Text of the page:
Some thoughts from the NHL on TSN panel on Saturday night:
In the first period, the Montreal Canadiens did an incredible job of getting speed through the neutral zone and generating something. In the second period, the Philadelphia Flyers put the game on the wall and they won the battles, and they were much more physical. When the Canadiens had opportunities, which were rare in the second period, they didn't always shoot. Brian Gionta had a 2-on-1, a classic opportunity to put the puck on net, but he tried to be too fine with it. They didn't get their first shot on goal until a little more than six minutes left in the second period. That was largely a testament to the Flyers simply clogging up the neutral zone, putting it on the wall and winning more battles than the Canadiens.
Jeff Carter beat Travis Moen 1-on-1. Carter had some quickness and some jump. That surprised me. I was surprised that he played as much as he did, and that he was as prominent as he was. I wondered about the wisdom of bringing him in at this point. We knew Ian Laperriere was going to come in and be on the fourth line. But to bring Carter in, you have to play him in your top six or start turning over all of your lines. So they just put him on the wing with Mike Richards and Simon Gagne, and that worked extremely well. He really responded. Now, as long as the foot doesn't act up, he's going to be a real good player for Philadelphia when they can clinch on home ice.
Josh Gorges had an unfortunate thing happen in the second period. When the game was still no score, Gorges had problems with the skate protector that he wears, so when he blocks shots he doesn't end up with a broken foot. It comes loose, he looks at it, he's in a little bit of trouble, he realizes he can't get to the bench, but what happens is that at that exact moment Claude Giroux decides to pick up the puck in the neutral zone and go by Gorges, beats him to the net, and makes a great play to beat Jaroslav Halak short side up under the bar. Nothing much Gorges could do about that, but it was sort of the beginning of the unraveling. It gave the flyers a reward for all of that momentum they were starting to generate in the second period.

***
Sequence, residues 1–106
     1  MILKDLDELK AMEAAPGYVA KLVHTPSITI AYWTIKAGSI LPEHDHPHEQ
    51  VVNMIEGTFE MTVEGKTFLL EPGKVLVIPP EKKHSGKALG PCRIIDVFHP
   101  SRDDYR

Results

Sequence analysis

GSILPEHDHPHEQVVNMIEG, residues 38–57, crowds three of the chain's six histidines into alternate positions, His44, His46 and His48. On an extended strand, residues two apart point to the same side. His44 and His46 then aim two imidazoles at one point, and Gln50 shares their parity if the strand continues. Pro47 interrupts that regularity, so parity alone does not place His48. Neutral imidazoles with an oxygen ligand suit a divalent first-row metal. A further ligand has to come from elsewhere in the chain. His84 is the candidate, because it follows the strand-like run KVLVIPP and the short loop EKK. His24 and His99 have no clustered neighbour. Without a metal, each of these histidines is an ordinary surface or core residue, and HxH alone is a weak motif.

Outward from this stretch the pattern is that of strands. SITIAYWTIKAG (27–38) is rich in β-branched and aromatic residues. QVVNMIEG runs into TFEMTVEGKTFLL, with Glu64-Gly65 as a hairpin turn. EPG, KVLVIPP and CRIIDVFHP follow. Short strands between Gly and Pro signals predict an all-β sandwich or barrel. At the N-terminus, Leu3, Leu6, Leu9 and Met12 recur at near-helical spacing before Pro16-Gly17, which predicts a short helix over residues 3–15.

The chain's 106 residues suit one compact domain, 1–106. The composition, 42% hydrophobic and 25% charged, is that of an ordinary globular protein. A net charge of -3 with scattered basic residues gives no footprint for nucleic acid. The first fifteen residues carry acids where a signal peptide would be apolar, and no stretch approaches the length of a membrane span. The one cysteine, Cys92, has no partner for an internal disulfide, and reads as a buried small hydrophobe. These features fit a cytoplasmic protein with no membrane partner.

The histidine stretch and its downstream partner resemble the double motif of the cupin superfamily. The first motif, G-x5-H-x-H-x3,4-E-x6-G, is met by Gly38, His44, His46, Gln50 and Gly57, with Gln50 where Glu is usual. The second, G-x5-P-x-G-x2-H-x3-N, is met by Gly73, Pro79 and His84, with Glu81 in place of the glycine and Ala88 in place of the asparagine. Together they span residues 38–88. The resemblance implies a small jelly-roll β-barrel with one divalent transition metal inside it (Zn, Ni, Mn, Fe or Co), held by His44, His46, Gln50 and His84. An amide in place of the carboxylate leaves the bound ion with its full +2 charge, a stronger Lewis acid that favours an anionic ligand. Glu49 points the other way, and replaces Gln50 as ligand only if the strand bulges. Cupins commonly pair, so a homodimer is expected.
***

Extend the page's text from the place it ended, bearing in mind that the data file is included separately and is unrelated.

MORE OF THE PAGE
The Canadiens had been great at blocking shots, but today they were absolutely beaten at their own game. Especially in the third period when Matt Carle picked a very inopportune time, late in a 2-0 hockey game with an opportunity for the Montreal powerplay to go to work. Shot after shot after shot was blocked by the Philadelphia Flyers. They had 14 blocked shots through two periods -- 13 alone in the third period. The Flyer penalty killers did an excellent job of blocking shots when there was an opportunity for Montreal to get itself back in the hockey game, even though at that point, they had been badly outplayed.
Yes, Leighton had the ultimate bounce-back game. In Game 3, the Montreal Canadiens and their fans maybe thought they got the thin edge of the wedge, when Michael Leighton was starting to play like a waiver pick-up goaltender. But in the first period of this hockey game, he bounced back, and he bounced back strong. Montreal had good speed through the neutral zone, they had seven shots on goal in the first period. They generated a lot, and he made some tough saves. In the second period, he only had one shot on goal. He was cold for a long period of time but came up big again in the third period. Nine shots on goal for Leighton to preserve the shutout. A number of those were difficult. He got lots of help from his defencemen in terms of blocking shots. Not even Bernie Parent, the Philadelphia Flyers legend, was able to get three shutouts in one series, yet that's what Leighton has done here.
They got the Hal Gill call right. First off, the visual of big Hal Gill literally stretching himself across the goal line and not allowing the puck to get by him, but he did not put his hand on the puck and he did not gather the puck into his body. So, as long as you don't make that motion of gathering the puck in, there is nothing to stop a player from laying across the goal line and the puck being shot underneath him. That's not a penalty shot.